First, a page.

Development and validation of two prognostic nomograms for predicting survival in patients with non-small cell and small cell lung cancer
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Hai-Fan Xiao1,2, Bai-Hua Zhang3, Xian-Zhen Liao2, Shi-Peng Yan2, Song-Lin Zhu2, Feng Zhou1 and Yi-Kai Zhou1
1State Key Laboratory of Environment Health (Incubation), Key Laboratory of Environment and Health, Ministry of Education, Key Laboratory of Environment and Health (Wuhan), Ministry of Environmental Protection, School of Public Health, Tongji Medical College, Huazhong University of Science and Technology, Wuhan, Hubei 430030, China
2The Department of Cancer Prevention, Hunan Cancer Hospital, Changsha 410006, China
3The Department of Thoracic Surgery, Hunan Cancer Hospital, Changsha 410006, China
Yi-Kai Zhou, email: [email protected]
Keywords: external validation, nomograms, non-small-cell lung cancer, small-cell lung cancer, treatment regimen
Received: March 20, 2017 Accepted: June 18, 2017 Published: August 02, 2017
Purpose: This study aimed to construct two prognostic nomograms to predict survival in patients with non-small-cell lung cancer (NSCLC) and small-cell lung cancer (SCLC) using a novel set of clinical parameters.
Patients and Methods: Two nomograms were developed, using a retrospective analysis of 5384 NSCLC and 647 SCLC patients seen during a 10-year period at Xiang Ya Affiliated Cancer Hospital (Changsha, China). The patients were randomly divided into training and validation cohorts. Univariate and multivariate analyses were used to identify the prognostic factors needed to establish nomograms for the training cohort. The model was internally validated via bootstrap resampling and externally certified using the validation cohort. Predictive accuracy and discriminatory capability were estimated using concordance index (C-index), calibration curves, and risk group stratification.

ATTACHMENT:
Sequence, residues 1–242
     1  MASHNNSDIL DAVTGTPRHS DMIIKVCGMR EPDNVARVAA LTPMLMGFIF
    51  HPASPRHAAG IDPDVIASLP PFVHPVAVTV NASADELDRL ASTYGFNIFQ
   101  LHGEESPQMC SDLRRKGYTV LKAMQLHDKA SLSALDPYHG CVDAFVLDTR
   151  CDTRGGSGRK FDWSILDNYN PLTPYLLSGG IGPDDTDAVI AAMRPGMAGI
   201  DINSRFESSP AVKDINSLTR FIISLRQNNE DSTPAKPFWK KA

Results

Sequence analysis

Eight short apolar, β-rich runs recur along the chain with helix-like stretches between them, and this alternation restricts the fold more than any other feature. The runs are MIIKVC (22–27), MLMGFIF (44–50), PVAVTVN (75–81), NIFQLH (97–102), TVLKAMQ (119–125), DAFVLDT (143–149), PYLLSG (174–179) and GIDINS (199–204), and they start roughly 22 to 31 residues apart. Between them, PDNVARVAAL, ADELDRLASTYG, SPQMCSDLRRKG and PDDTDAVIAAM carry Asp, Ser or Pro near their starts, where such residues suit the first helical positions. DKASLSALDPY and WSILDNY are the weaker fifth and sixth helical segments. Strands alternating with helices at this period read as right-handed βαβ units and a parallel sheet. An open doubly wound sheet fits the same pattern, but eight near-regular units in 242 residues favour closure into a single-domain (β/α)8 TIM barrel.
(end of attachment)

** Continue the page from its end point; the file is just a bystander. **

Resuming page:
Results: The largest contributor to overall survival (OS) prognosis in the NSCLC nomogram was the therapeutic regimen and diagnostic method parameters, and in the SCLC nomogram was the therapeutic regimen and health insurance plan parameters. Calibration curves for the nomogram prediction and the actual observation were in optimal agreement for the 3-year OS and acceptable agreement for the 5-year OS in both training datasets. The C-index was higher for the NSCLC cohort nomogram than for the TNM staging system (0.67 vs. 0.64, P = 0.01) and higher for the SCLC nomogram than for the clinical staging system (limited vs. extensive) (0.60 vs. 0.53, P = 0.12).
Conclusion: Treatment regimen parameter made the largest contribution to OS prognosis in both nomograms, and these nomograms might provide clinicians and patients a simple tool that improves their ability to accurately estimate survival based on individual patient parameters rather than using an averaged predefined treatment regimen.
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